When is the best time to see auroras? Where is the best place to go? And how do you photograph them? These questions and more are answered in a new book, Northern Lights - a Guide, by Pal Brekke & Fredrik Broms.
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CONTEST! WAVE AT SATURN, WIN A TELESCOPE: On July 19th, the Cassini spacecraft will photograph Earth through the rings of Saturn. NASA hopes people will go out and wave at Saturn during the photoshoot. How about waving at Saturn from the edge of space? Enter the Wave at Saturn Contest and your idea to commemorate Cassini's snapshot could be flown to the stratosphere on July 19th. Winners will receive free telescopes from Explore Scientific. Enter now!
CME PASSAGE: Magnetic fields in the solar wind intensified on July 13th, indicating the possible passage of a minor CME past Earth. The encounter did not immediately trigger geomagnetic storms. NOAA forecasters remain optimistic, however, placing the odds of a polar geomagnetic storm on July 14th at 65%. Update: Auroras were observed in Wisconsin last night. Aurora alerts: text, voice.
GREEN FRAGMENT BREAKS OFF THE SUN (NOT REALLY): On July 12th, nature photographer Jim Young was watching the sun set over the Pacific Ocean west of Seaside, Oregon, when a green fragment broke away from the solar disk. His camera, a Canon 60Da, started taking pictures every 1/1000th of a second to record the event:
Appearances notwithstanding, the sun is still intact. What happened? The green color of the eruption is the key clue.
"It was a green flash," explains Young, "caused by refraction in the atmosphere over the Pacific ocean."
The Pacific is a great place to find green flashes. Temperature gradiants in the air above the sea surface magnify tiny differences in the atmospheric refraction of red and green light, creating a verdant mirage.
There was a time when green flashes were thought to be fables, but now we know they are real. Jules Verne popularized the phenomenon in his 1882 novel "Le Rayon Vert" (The Green Ray). He described "a green which no artist could ever obtain on his palette, a green of which neither the varied tints of vegetation nor the shades of the most limpid sea could ever produce the like! If there is a green in Paradise, it cannot be but of this shade, which most surely is the true green of Hope." 131 years later, Young is hoping for more.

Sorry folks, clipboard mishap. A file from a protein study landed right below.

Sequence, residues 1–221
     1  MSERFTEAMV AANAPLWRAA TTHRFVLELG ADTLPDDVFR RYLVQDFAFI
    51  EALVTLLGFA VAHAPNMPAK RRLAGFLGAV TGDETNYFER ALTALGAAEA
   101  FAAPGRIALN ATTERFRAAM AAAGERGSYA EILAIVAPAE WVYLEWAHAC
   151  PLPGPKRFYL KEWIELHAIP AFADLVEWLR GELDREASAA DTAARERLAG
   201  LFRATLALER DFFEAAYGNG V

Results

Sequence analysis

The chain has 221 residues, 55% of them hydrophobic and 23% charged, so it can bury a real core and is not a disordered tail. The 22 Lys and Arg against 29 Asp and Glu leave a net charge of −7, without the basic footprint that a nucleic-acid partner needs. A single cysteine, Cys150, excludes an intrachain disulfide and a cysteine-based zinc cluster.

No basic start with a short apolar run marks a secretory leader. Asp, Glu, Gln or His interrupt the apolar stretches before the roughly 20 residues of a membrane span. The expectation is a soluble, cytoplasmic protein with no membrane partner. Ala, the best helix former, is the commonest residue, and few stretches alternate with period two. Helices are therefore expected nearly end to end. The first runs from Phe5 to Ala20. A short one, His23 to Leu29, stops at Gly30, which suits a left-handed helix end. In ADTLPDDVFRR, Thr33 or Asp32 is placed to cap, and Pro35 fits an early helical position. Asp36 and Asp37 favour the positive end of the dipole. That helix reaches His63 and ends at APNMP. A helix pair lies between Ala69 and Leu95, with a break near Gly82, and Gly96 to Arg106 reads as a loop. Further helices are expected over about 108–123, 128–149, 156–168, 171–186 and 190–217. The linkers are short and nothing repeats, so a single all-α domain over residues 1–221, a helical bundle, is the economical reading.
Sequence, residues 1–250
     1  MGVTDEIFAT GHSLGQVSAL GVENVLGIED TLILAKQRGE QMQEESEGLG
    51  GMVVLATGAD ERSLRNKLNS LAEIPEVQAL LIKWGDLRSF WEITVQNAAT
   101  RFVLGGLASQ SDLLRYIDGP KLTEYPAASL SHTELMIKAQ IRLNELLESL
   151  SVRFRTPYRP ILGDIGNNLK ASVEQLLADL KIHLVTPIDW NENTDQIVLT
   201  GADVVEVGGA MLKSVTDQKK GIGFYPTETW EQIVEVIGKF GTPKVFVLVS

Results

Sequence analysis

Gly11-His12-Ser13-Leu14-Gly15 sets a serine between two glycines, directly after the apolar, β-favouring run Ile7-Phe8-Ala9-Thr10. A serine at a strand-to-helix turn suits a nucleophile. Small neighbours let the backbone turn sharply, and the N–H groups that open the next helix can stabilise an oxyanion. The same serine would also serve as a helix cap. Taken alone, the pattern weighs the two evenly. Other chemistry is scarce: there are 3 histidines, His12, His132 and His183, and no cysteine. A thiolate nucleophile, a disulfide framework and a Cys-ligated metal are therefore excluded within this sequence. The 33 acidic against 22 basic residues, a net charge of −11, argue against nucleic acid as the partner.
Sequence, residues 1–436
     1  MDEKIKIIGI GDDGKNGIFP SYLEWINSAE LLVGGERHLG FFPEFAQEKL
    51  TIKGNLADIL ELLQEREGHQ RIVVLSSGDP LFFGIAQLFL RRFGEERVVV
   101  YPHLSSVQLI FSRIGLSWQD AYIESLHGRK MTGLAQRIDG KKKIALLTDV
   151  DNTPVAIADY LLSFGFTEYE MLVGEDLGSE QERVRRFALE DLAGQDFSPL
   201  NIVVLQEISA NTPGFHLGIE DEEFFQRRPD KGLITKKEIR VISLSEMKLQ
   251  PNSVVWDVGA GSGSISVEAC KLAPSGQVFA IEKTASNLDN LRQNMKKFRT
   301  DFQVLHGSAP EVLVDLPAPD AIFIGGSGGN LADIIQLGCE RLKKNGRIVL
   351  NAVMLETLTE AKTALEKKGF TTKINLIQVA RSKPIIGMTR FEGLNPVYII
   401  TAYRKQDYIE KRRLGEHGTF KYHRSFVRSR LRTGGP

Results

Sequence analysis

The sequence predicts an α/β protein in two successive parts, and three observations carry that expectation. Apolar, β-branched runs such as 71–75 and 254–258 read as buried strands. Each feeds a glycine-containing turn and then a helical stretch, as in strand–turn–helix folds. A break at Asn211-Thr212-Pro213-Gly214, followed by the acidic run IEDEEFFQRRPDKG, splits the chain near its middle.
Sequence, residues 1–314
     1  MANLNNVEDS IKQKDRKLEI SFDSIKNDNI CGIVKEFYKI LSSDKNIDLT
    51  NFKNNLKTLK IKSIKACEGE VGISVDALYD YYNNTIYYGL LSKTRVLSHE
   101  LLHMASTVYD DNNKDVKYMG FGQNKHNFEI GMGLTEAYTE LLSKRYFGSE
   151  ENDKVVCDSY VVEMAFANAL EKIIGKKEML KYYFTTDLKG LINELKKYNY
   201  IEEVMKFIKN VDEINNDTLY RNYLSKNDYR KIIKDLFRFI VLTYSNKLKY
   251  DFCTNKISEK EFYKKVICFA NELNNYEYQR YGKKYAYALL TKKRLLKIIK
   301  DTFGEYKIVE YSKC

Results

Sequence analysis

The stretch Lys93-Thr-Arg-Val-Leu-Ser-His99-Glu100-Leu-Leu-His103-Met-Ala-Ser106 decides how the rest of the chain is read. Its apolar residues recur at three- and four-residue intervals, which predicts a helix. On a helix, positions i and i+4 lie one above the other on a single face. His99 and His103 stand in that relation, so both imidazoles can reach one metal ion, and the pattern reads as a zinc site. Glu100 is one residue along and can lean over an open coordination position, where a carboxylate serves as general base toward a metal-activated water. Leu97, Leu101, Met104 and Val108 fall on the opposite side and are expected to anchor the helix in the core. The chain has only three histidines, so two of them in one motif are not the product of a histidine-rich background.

Realtime Green Flash Photo Gallery
SPACE WEATHER BALLOON UPDATE: Last month, a record-setting heat wave swept across the southwestern USA, with temperatures in Death Valley and surrounding areas jumping as high as 54 C (129 F). The student scientists of Earth to Sky Calculus decided to find out if the heat wave extended all the way to the edge of space. So, on June 30th when the temperature in their hometown Bishop, CA, was 42 C (108 F), they launched a research balloon to the stratosphere. An onboard cryogenic thermometer measured the temperature all the way up to 90,000 feet above sea level. This is what they found:
The heat wave did not reach into the stratosphere.
During the flight, the thermometer registered a low temperature of -64.4 C. This occured when the balloon passed through the tropopause, the boundary layer between the troposphere and the stratosphere. The tropopause is the coldest part of the atmosphere, and on the day of the heat wave it was just as cold as usual. Consider the following histogram:
Since 2011, the Earth to Sky students have flown 30 balloons and measured the temperature of the tropopause 19 times. The histogram is a summary of their thermal database, which spans all four seasons and all 12 months of the year. The temperature of the tropopause on June 30, 2013, fell right in the middle of the distribution--nothing unusual. These results show that hot air on the ground does not necessarily translate into a hot upper atmosphere.
There was, however, something unusual about the flight. Normally, air above the Sierra launch site is crystal clear, but not this time. En route to the stratosphere, the balloon encountered many thin layers of smoke and ash blown into the area from distant wildfires. Each fire, apparently, lofted its aerosols to a different altitude where winds stretched the smoky debris into a thin layer. This picture was captured while the balloon was in transit between two layers:
Note the curved blue line. That's the narrow gap between the two aerosol layers, allowing a glimpse of blue sky in the distance. (To residents of the eastern Sierra: That's Crowley Lake in the foreground.)
This was a curiosity-driven experiment conducted by high school students. Learn more about the Earth to Sky Calculus program at the group's Facebook page.
Realtime Space Weather Photo Gallery
Realtime Aurora Photo Gallery
Realtime Noctilucent Cloud Photo Gallery
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Realtime Comet Photo Gallery